Fritware tile panel, painted in blue, turquoise, and moss green under a transparent glaze Ottoman Empire, Iznik; c. 1540. From the David Collection, Copenhagen.


But Diyarbekir’s basil gardens and regularly laid out vegetable plots on the bank of the Tigris have no equal in Rum or the Arab lands or Iran. When, in the spring season, the flood period of the Tigris has passed and its limpid waters begin to flow [again] in a stable current, all Diyarbekir’s inhabitants, rich and poor alike, move with their entire families to the bank of the Tigris. They settle down under tents and pavilions along this wide water, on the plots that they have inherited from their fathers and ancestors, and they sow and cultivate in their gardens melons, water melons, various vegetables and flowers. They cultivate here a special type of basil, which everyone plants along the borders of his plot. In a month’s time it becomes [dense] like a forest and as high as a spear’s length so that it is impossible to look through the basil and see what is inside. The doors and walls, the gates and roofs of all these make-shift habitations on the bank of the Tigris are entirely made out of basil…. These pavilions are so densely overgrown with basil that the nostrils of the men and women living in them are scented night and day with the fragrance of basil and the other flowers in these gardens, such as roses, Judas-trees, and hyacinth. The women’s quarters of each garden are also such open-air pavilions of basil. The ponds and fountains in each pavilion all receive their water from the river Tigris. Between all these gardens and vegetable plots run numerous canals and watercourses which people have diverted from the Tigris to their regularly laid-out vegetable gardens.

For a full seven months a merry tumult, with music and friendly talk, is so going on night and day here on the bank of the river Tigris, as in each pavilion people are passing their time with their beloved and close friends, in jollity and drinking, enjoying concert sessions [like those] of Huseyn Bayqara[‘s court]. All the artisans however remain busy with the crafts during this garden season; [so that] all sorts of food and drink are available. Thousands go to the city in the morning and pursue their respective jobs; and in the late afternoon they return in swarms to the gardens on the banks of the Tigris, to indulge in pleasure and enjoyment…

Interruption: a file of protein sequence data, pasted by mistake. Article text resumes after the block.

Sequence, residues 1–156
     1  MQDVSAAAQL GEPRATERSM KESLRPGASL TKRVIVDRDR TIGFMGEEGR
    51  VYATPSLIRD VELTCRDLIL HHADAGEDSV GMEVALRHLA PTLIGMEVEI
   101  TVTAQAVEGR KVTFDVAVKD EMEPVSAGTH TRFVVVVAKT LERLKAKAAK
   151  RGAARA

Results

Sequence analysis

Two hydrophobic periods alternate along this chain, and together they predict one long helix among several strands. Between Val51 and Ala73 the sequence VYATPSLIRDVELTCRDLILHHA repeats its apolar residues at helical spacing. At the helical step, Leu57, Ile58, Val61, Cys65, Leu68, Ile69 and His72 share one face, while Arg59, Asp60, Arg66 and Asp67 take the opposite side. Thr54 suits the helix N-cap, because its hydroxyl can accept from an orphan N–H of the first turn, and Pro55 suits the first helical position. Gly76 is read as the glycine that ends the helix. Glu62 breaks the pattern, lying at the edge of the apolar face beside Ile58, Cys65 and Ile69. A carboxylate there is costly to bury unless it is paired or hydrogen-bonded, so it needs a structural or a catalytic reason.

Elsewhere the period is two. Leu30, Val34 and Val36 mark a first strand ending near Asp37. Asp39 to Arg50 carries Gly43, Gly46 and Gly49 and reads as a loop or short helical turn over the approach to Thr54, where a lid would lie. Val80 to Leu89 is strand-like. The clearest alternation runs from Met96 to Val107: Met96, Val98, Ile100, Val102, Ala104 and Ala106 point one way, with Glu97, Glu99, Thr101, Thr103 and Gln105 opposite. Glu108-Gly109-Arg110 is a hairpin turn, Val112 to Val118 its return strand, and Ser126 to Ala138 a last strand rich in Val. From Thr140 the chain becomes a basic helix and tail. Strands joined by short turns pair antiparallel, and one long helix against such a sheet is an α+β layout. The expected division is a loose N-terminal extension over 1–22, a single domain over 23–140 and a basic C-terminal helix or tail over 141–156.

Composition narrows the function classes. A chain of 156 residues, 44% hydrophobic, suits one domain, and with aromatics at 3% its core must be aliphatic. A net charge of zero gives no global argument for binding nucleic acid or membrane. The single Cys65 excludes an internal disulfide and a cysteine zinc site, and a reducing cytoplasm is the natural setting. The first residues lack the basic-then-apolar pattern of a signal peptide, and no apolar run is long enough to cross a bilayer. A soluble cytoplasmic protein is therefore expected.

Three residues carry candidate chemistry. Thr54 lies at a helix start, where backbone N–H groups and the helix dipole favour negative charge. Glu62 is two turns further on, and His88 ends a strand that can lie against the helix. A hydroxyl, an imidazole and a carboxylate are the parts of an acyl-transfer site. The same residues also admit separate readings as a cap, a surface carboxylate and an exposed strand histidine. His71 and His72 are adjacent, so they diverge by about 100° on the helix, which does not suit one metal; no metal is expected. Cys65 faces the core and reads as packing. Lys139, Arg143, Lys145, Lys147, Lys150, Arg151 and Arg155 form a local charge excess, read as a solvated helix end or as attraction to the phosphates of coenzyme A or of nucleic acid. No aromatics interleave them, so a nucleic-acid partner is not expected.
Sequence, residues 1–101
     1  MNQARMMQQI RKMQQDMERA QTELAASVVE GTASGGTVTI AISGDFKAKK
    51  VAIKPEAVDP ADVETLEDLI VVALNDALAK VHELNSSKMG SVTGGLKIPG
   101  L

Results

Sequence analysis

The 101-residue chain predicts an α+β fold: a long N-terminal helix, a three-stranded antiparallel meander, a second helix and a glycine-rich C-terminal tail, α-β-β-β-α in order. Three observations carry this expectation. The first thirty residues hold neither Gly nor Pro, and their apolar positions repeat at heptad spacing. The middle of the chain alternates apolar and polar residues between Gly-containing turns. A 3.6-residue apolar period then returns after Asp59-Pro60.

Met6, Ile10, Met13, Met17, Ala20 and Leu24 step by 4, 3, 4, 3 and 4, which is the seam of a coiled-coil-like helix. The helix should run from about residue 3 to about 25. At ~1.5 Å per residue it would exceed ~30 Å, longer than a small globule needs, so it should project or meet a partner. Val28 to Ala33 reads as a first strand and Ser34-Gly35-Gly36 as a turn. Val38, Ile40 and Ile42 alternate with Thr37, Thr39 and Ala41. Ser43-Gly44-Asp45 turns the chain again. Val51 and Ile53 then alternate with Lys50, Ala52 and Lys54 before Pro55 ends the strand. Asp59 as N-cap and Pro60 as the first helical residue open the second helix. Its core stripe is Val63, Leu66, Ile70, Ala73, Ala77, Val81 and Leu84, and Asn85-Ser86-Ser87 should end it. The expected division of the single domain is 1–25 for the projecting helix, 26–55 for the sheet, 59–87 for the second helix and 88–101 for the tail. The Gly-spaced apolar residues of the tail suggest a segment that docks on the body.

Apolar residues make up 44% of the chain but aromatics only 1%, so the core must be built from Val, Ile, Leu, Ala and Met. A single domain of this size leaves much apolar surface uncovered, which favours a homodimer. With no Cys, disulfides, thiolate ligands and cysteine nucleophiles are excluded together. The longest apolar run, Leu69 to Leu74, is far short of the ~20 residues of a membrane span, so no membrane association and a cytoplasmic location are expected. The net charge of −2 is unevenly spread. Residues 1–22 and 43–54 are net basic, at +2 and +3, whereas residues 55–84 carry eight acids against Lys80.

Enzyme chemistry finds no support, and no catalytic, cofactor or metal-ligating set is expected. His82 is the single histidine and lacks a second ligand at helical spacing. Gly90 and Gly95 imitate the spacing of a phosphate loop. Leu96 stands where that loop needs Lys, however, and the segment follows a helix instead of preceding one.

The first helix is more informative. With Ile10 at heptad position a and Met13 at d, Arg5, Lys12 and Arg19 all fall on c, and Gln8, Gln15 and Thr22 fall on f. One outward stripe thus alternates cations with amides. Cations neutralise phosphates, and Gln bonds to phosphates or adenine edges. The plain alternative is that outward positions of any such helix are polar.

In short, the people of Diyarbekir arouse the envy of the whole world because of the pleasures and enjoyments that they have on the bank of the Tigris for seven or eight months [of the year], their nights being [like] the Night of Power, and their days [like] the Feast of Sacrifice. They hold banquets like Husayn Bayqara’s, thinking to snatch a bit of pleasure from this transitory world. Each night the banks of the Tigris are illuminated with oil lamps, lanterns, wind tapers and torches, and people arrange in thousands of artful ways oil lamps and wax candles on boards, [which they then put to float on the Tigris], so that the lights are drifting from one side to the other, and the darkest night becomes like a brilliant day. In each pavilion singers and musicians, clowns, minstrels and story-tellers perform, players of the lute, the çartar, the şeşetar, the berbut, the qanun, the çeng, the rebab, the musqar, the tanbur, the santur, the nefir, the balaban, the ney, and the dehenk, in short all sorts of musicians with string and wind instruments give performances like those at Bayqara’s court, continuing until the break of dawn, when the Muslim muezzins chant with their sorrowful voices the glories of God, as it to apologize, and all the followers of the [Sufi] path and faithful lovers [of God] begin their recitations in praise of Oneness, in the spirit of Pythagoras the Monotheist. For since the people of Diyarbekir all belong to the order of the Khwajagan and the Gülşeni order they do not miss the ecstatic joy and delight of ritual chantings. In conclusion [one may say that] while busy intercourse and buzzing conversation go on these Iram-like gardens, the people continually pray for the perpetuation of the imperial state (devlet). May God exalt their spiritual stations!